from the above terms, “to waltz Matilda” is to travel with a swag, that is, with all one’s belongings on one’s back wrapped in a blanket or cloth. The exact origins of the term “Matilda” are disputed; one fanciful derivation states that when swagmen met each other at their gatherings, there were rarely women to dance with. Nonetheless, they enjoyed a dance and so danced with their swags, which was given a woman’s name. However, this appears to be influenced by the word “waltz”, hence the introduction of dancing. It seems more likely that, as a swagman’s only companion, the swag came to be personified as a woman.

The National Library of Australia states:

Matilda is an old Teutonic female name meaning “mighty battle maid”. This may have informed the use of “Matilda” as a slang term to mean a de facto wife who accompanied a wanderer. In the Australian bush a man’s swag was regarded as a sleeping partner, hence his “Matilda”. (Letter to Rt. Hon. Sir Winston Churchill, KG from Harry Hastings Pearce, 19 February 1958. Harry Pearce Papers, NLA Manuscript Collection, MS2765)[23]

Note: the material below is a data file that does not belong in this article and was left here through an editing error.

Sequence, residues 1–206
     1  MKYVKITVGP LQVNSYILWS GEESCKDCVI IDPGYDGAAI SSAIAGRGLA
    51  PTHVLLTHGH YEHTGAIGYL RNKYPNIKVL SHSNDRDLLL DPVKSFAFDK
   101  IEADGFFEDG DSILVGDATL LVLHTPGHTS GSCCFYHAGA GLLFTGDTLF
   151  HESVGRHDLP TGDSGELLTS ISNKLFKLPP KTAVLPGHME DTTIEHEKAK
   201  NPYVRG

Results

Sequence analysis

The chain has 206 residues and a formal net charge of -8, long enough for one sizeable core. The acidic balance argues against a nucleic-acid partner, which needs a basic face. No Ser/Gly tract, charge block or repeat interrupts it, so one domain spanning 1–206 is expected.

a man who travelled the country looking for work. The swagman’s “swag” was a bed roll that bundled his belongings.


an oxbow lake (a cut-off river bend) found alongside a meandering river.

coolibah tree

a kind of eucalyptus tree which grows near billabongs.


a sheep


a can for boiling water in, usually 2–3 pints (1–1.5 l)

tucker bag

a bag for carrying food (“tucker”).